Friday, January 29, 2010

HAITI: Local Leaders Shut Out Of Military-Run Relief Efforts

HAITI: Local Leaders Shut Out Of Military-Run Relief Efforts

By Ansel Herz

GRAND GOAVE Jan 28 (IPS) - Two gray 23-million-dollar
hovercrafts sitting in the middle of a sandy tropical beach look
like they are from another world. A pair of 15-foot-wide
propeller fans sticks out from the back of each behemoth.

Along the narrow dirt road to this seaside towns centre
families live under blankets stretched over sticks.

A tent city occupies the towns main square surrounded by
crumbling buildings. Joseph Jean-Pierre Salam the mayor of
Grand Goave about 15 kilometres west of Port-au-Prince
estimated that some 70 percent of the citys important structures
fell during the 7.0 earthquake that struck Haiti on Jan. 12.

They have made many promises but we dont see the action
yet Salam said referring to the international community. We
have a lot of people suffering. There is an expectation that help
will come.

Little food and water has been distributed by the dozens U.S.
troops milling about the beach since the earthquake according
to local leaders.

I went there to talk to them said Jean-Jacob Renee an
English teacher. They said they are there to set up some tents
for themselves but they did not come with food or water -
anything for the people.

He said the only aid the military brought to Grand Goave was
distributed by Catholic Relief Services an international NGO.
When they are in the town we dont know. We dont have their
phone number he said. Nobody has helped us.

U.S. military personnel on the beach were busy unloading
construction material and heavy equipment from cargo boats.
Senior Chief Petty Officer Steve Krutky told IPS his disaster
recovery team cleared a rockslide out of the road and worked to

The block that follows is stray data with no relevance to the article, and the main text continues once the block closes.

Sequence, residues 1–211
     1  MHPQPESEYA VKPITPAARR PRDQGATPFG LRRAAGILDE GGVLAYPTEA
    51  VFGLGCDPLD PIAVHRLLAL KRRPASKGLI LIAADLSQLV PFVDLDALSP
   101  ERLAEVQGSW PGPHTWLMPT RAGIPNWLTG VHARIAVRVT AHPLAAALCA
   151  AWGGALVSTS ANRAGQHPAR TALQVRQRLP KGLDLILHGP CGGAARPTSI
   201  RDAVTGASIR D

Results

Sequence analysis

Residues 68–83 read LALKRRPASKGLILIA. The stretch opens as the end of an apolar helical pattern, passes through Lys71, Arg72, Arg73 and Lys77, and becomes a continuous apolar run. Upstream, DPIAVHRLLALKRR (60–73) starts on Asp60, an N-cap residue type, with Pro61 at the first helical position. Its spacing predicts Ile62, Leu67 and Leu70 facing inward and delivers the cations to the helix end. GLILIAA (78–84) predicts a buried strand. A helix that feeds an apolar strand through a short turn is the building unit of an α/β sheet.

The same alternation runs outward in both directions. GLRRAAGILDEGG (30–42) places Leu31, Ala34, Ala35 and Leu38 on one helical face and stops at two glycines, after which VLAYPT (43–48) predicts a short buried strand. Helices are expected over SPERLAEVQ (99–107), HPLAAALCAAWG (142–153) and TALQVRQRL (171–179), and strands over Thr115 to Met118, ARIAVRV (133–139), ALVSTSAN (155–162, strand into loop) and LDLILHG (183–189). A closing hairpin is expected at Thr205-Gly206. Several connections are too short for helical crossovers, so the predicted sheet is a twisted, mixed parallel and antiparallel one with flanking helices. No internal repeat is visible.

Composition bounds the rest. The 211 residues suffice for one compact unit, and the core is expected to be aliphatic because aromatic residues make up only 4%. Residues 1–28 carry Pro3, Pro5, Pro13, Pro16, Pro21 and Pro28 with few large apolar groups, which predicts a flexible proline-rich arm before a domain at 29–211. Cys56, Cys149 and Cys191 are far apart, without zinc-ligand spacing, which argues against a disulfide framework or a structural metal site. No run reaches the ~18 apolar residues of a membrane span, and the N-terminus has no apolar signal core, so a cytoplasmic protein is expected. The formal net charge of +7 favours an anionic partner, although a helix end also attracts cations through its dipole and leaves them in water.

repair local orphanages run by evangelical missions.

The U.S. military did not respond to IPS requests for further
clarification of the Navys role in Grand Goave.

An analysis by the Associated Press on Wednesday found that 33
cents of every dollar towards emergency aid in Haiti goes to
military aid more than three times the nine cents spent on food.

Residents of Grand Goave said there is a network of seven
neighbourhood leaders for each section of the city that has not
been tapped in the relief effort. Friends are pooling resources
to purchase rice when possible but family after family living
outside the rubble of their homes told IPS they have received no

The roof of Rinvil Jean Weldys modest one-story brick house is
broken off resting at an angle on top of a kitchen table
covered in dust. The rear wall crumbled spilling onto the
cracked ground. His wife remains at a nearby hospital nursing an
injury from the quake.

We need a tent we need food and water all the normal
things Weldy said pointing at his sons who were hammering
together scraps of wood to build the frame of a tent. To the
U.N. I say I need help now.

Weldy has been expecting compensation from the U.N. since Nov.
10 when he and numerous witnesses say part of a bullet fired by
U.N. peacekeeping troops hit his shoulder. Four days before the
earthquake the U.N. said an internal investigation into the
incident cleared the soldiers of any wrongdoing.

Witnesses told IPS the troops fired into the ground in an
attempt to control a curious crowd not into the air as the
U.N. maintains.

The U.N. peacekeepers are roundly dismissed by many Haitians as
a source for relief in the country. We have been living with
the U.N. for many years but now we see them very little Mayor
Salam said matter-of-factly.

In Leogane on the route back from Grand Goave to
Port-Au-Prince 500 families from a tent city in a field lined
up in an orderly queue to receive food packages in contrast to
chaotic aid dispersals seen in Port-Au-Prince. Individuals walked
into a clearing to grab a box each time a young Haitian man
called out numbers through a megaphone.

For us it was very important to do this without military
said Dolores Rescheleit an aid worker with a German NGO called
Arche Nova that provided the food. Because the people in the
camp are very strong. When you give the responsibility to the
people in the camp they will do it better than we will with the

A committee of Haitians with sub-committees to handle
security hygiene and aid distribution is governing the camp
without problems Rescheleit said. Women smiled as they walked
back to their tents balancing boxes of food on their heads.


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